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Stamp duty axed for these Aussies in 'biggest tax reduction in state's history'

South Australian first home buyers will no longer need to pay stamp duty after a value cap was lifted.

Housing stock
First-home buyers in South Australia will not need to pay stamp duty on new homes, at any value.

The South Australian government will axe stamp duty for all first-home buyers purchasing new properties. The move - along with extending the $15,000 first homeowner grant - was announced as part of the State Budget.

A near-immediate $243 cost-of-living payment has also been announced for concession card holders, along with the doubling of relief for some low-income renters and seniors.

Premier Peter Malinauskas abolished stamp duty for first-home buyers purchasing new homes up to $650,000 last year. But said removing the cap and retaining a focus on new builds would help increase supply to address the current housing crisis.


Malinauskas described the $30 million policy as “one of the biggest shakeups and tax reductions that we’ve seen when it comes to the cost of building and land in our state in its history”.

“The only serious way that you address a housing crisis is by increasing housing supply,” he said.

“We’re going to abolish a tax that holds up the building of more supply.”

Treasurer Stephen Mullighan said a focus of the budget was a $266.2 million cost-of-living package targeted at families and concession card holders.

Families with school-aged children will benefit from a $200 cut in school fees and an expanded sports voucher program, with the number of $100 vouchers increasing from one to two per year (which will also include music programs for the first time).

A first-home buyer who purchases or builds a new home will be eligible to avoid stamp duty.

With the abolition of property value limits, a first homebuyer who purchases a new dwelling broadly in line with the median house price of $750,000 will receive a benefit of over $50,000, including the First Home Owner Grant of $15,000, the government said.

Eligible properties and land include:

  • House

  • Flat

  • Unit

  • Townhouse

  • Apartment

  • Off-the-plan apartment, house and land package

  • Vacant land to build a new home

Stamp duty is a one-off fee levied by state and territory governments on certain purchases, including buying a home, land or investment property.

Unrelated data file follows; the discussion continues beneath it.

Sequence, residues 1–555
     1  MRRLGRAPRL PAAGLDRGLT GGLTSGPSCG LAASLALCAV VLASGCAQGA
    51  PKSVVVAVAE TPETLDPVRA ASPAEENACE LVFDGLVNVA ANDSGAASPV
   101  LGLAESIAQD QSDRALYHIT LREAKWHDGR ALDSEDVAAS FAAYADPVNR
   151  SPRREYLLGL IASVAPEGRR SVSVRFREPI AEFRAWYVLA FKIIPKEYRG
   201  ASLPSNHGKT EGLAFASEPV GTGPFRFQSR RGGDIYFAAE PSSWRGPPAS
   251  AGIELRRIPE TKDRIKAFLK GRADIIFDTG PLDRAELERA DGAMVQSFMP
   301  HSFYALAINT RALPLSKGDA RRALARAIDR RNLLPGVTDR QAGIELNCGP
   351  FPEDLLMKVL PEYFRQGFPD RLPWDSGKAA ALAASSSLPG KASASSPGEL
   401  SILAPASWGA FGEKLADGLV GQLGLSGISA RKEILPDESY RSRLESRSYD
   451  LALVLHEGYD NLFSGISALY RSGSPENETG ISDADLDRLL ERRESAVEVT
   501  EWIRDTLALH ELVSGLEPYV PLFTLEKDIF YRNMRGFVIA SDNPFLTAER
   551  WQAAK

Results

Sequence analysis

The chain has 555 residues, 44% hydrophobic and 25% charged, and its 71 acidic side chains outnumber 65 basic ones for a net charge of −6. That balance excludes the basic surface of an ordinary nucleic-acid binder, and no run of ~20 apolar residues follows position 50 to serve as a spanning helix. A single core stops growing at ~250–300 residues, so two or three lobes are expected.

The value of the property and where the purchase was made will impact how much a buyer is expected to pay given differing rates, price brackets and exemptions.

It is considered by many as a major upfront barrier to those looking to enter the property market.

Recent research from e61 institute and PropTrack revealed the heavy burden stamp duty costs put on today’s homebuyers, costing up to six times more than a generation ago in some parts of Australia.

In Sydney, stamp duty on a median-priced home is now $44,500 - or six months of the average full-time income after tax. That’s 5.4 times higher than it was in the early-to-mid 1980s, relative to incomes.

“Stamp duty is an inefficient tax because it discourages people from moving to homes that suit them,” PropTrack senior economist Angus Moore said.

“While the rise has largely been incidental, rather than an intentional increase in tax rates, stamp duty reform is critically needed to allow the property market to operate more efficiently.”

There are different schemes across Australia to alleviate the burden, particularly on first-home buyers and pensioners.

Under the First Home Buyers Assistance Scheme, full exemptions are offered on new or existing homes valued up to $800,000 or vacant land below $350,000. The threshold for concessions is $1 million. Find out more here.

Concessions are offered to first-home buyers who meet certain requirements through the first home concession. Full exemptions are offered for properties valued up to $500,000, while concessional rates are available for those valued up to $550,000. Find out more here.

The Stamp Duty Relief for first-home buyers had the $650,000 cap lifted, but properties must be new or be for a new build. Find out more here.

You can get a concession or exemption only once in Victoria if you meet certain requirements.

An exemption is available if your property is worth $600,000 or less, and a concession for those between $600,001 and $750,000. There are also temporary offers. Find out more here.

First-home buyers can get a 50 per cent discount on stamp duty of an established home valued at $600,000 or less up until June 30. Find out more here.

First-home buyers in WA may be eligible for exemptions on homes and land valued below $450,000 and a concessional rate up to $600,000 Find out more here.

There are limited offers to reduce stamp duty in the NT, but you could be eligible if you buy a house and land package. Find out more information here.

Under the home buyer concession scheme, you can get stamp duty relief under certain circumstances on new or established homes, at any price. Find out more about the income thresholds here.

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